New on the site: Proposal to Reduce Identity Theft
I bought a new VW Passat in 2000 and sold it in 2003, long before my usual seven year car ownership period. The car was sleek and fun to drive, but what good is a car whose engine light comes on every one to four weeks? From 15K to 40K miles, Southern States of Durham, with VW's "assistance", was unable to fix a persistent check engine light situation. VW should have offered to replace the car given the history of repairs, but instead they started charging me for repairing this ongoing condition. VW customer service exists merely to give people the initial impression that they can help, when in fact they are powerless. I surmise that they exist merely to pacify people long enough to get them out of the lemon law period.
In hindsight I should have been more diligent about getting the car right back into the shop every single time, because I certainly would have qualified for the lemon law. But I was too nice a guy. Don't make the same mistake I did. Be diligent about getting timely repairs. Drive to another dealer if your dealer seems to only know how to reset the check engine light and not how to actually fix anything. Read about making sure that the right things are documented on your repair tickets. One state's supreme court ruled that a dealer's submission of parts and labor requests under warranty can help substantiate your claims in court. Read your state's lemon law and give proper notices. Stick to cars with above average reliability ratings and don't be swayed by feature reviews unless you happen to work next to a VW dealership and want to trade the car in before the warranty is over. Even with the warranty, having to take a car in for repairs monthly in years two and three of its life is a real drag.
I highly recommend that you avoid Volkswagen at all costs.
Good Luck and Have a great day!
Update - March 2004
My final letter to VW:
Sir or Madam:
letter is to inform you that I will forever remain an extremely dissatisfied
“former Volkswagen owner”. I
have owned many cars in my lifetime and not one has had near as many visits to
the shop as this 2000 Passat, particularly this early in the car’s lifetime.
am still astounded that VW and Southern States were incapable of isolating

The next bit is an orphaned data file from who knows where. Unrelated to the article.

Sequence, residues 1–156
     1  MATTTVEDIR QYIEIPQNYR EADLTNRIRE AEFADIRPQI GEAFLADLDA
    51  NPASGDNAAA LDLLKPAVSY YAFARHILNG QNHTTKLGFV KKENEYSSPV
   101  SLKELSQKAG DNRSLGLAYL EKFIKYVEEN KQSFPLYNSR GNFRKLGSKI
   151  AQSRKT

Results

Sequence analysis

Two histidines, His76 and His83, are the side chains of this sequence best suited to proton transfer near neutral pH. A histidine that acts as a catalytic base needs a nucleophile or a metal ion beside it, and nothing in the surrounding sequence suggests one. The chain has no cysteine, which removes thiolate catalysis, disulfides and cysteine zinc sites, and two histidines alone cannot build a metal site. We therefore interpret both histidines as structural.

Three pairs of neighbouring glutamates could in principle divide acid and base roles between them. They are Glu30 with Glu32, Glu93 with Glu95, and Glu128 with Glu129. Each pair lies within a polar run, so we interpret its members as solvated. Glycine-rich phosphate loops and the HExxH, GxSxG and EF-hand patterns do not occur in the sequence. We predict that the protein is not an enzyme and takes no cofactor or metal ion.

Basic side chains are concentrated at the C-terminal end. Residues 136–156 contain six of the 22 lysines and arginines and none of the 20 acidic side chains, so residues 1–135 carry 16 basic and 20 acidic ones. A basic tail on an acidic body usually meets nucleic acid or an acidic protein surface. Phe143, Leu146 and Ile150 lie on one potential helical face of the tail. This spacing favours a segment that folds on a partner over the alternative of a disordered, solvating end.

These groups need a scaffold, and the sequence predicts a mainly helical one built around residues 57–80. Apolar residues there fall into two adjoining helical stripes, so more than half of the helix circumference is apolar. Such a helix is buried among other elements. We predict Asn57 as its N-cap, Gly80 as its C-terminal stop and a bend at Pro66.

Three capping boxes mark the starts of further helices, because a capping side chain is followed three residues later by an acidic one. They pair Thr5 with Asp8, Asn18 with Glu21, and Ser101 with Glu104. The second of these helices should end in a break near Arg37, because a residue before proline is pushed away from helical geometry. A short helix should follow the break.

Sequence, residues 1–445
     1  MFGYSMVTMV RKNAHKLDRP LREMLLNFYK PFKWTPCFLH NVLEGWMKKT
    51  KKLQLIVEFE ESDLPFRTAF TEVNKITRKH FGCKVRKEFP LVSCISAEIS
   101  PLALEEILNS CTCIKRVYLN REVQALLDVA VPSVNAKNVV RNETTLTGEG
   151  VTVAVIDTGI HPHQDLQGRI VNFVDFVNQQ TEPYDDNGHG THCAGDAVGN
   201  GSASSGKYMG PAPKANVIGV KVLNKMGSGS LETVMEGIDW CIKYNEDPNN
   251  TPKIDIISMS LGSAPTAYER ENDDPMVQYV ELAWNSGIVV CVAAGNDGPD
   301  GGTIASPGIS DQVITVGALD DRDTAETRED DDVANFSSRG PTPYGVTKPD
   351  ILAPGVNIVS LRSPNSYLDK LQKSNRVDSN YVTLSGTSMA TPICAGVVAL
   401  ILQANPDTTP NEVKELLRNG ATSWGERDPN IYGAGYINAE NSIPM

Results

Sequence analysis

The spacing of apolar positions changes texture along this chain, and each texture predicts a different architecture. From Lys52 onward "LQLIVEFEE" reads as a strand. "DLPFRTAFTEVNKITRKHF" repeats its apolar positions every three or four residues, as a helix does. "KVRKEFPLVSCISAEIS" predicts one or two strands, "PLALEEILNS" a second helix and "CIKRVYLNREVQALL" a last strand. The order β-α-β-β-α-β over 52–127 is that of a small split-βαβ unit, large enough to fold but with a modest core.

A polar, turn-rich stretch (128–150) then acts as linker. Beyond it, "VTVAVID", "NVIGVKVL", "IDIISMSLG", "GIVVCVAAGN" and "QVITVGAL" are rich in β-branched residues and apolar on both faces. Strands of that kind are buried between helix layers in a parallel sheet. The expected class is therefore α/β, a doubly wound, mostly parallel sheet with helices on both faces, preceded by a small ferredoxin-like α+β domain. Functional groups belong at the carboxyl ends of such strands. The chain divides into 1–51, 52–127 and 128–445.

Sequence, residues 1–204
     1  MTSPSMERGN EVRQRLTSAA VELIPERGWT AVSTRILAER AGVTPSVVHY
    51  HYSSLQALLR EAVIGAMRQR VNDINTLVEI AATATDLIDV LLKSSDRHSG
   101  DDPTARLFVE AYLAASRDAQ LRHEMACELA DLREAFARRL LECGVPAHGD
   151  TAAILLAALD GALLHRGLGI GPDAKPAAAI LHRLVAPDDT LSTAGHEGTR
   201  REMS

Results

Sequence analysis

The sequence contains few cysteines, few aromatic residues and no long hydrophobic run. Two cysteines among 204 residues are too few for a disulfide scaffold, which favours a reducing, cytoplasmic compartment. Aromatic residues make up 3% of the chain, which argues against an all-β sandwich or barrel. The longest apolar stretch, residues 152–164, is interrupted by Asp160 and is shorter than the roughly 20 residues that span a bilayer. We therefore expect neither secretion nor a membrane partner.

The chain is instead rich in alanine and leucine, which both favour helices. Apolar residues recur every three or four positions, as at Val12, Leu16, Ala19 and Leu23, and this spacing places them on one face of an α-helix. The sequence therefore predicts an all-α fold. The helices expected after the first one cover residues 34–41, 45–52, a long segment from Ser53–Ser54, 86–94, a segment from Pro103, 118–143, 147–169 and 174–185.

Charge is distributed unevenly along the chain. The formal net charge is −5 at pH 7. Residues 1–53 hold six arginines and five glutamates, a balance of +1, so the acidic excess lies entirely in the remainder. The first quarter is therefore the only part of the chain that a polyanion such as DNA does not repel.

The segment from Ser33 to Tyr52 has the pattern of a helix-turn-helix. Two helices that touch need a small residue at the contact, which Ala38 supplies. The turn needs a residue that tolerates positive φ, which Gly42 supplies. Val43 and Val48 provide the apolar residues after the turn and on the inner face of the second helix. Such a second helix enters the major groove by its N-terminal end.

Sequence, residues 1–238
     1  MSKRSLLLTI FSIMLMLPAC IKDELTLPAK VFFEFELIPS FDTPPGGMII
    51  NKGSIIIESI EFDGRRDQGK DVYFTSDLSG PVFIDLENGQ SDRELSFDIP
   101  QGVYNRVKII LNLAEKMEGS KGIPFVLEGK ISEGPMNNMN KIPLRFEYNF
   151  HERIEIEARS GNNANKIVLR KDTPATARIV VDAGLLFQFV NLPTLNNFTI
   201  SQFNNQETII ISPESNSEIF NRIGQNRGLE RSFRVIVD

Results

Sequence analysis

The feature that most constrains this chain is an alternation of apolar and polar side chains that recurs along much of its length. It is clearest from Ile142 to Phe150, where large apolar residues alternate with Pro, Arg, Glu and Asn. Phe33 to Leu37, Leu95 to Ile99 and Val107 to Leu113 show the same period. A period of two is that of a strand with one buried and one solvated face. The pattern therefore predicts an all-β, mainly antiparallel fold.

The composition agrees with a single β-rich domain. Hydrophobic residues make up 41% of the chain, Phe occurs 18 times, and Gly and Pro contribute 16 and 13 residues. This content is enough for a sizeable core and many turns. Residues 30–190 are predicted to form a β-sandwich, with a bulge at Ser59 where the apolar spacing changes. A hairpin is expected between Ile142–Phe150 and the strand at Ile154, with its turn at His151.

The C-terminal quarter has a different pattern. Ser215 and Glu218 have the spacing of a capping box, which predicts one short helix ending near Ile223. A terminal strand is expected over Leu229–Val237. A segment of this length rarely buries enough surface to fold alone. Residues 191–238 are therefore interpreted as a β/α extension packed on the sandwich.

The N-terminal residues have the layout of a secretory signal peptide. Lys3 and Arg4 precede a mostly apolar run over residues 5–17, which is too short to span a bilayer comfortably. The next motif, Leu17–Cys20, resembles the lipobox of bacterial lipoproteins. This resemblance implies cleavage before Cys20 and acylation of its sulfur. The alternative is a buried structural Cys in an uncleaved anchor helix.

whatever fundamental problem was causing the various “EMISSIONS WORKSHOP!”
check engine light warnings which started at 15,000 miles and never stopped.
I thought I was being a nice guy by giving you more opportunities to fix
it, but I have now learned the hard way that you don’t stand behind your
product. My last visit ended with
an irresolvable check engine light condition and an offer to replace a sensor
(that was not in stock). A few
hours later, I became the proud owner of a Subaru Outback, which has been rated
as more reliable than Passat by Consumer Reports (of course, what wouldn’t be
rated more reliable?).
is inexcusable the number of times that I had to take the car in for repair,
take the shuttle to work, and find transportation for overnight when you
would not give me a loaner. I buy
new cars to try to minimize downtime.
real shame here is that I loved every aspect of my Passat except the unending,
nagging reliability problems. If VW
had honored my request for a painless trade-in with an acknowledgement that it
had sold me a troubled vehicle, then I would have remained a very faithful
Bye and Good Riddance, VW. You just lost an affluent
customer with a wife and 3 children who will never own a VW.
I am telling everyone I know and many I don’t to avoid VW.
PS – You may continue to send me the VW magazine if you like. I love defacing and then burning the VW logo.
After one month with no response, I sent a copy of the letter with a "why haven't you responded?" cover letter.
Two weeks later, VW "customer care" called and said that they received my letter and that they are not willing to do anything to make this right.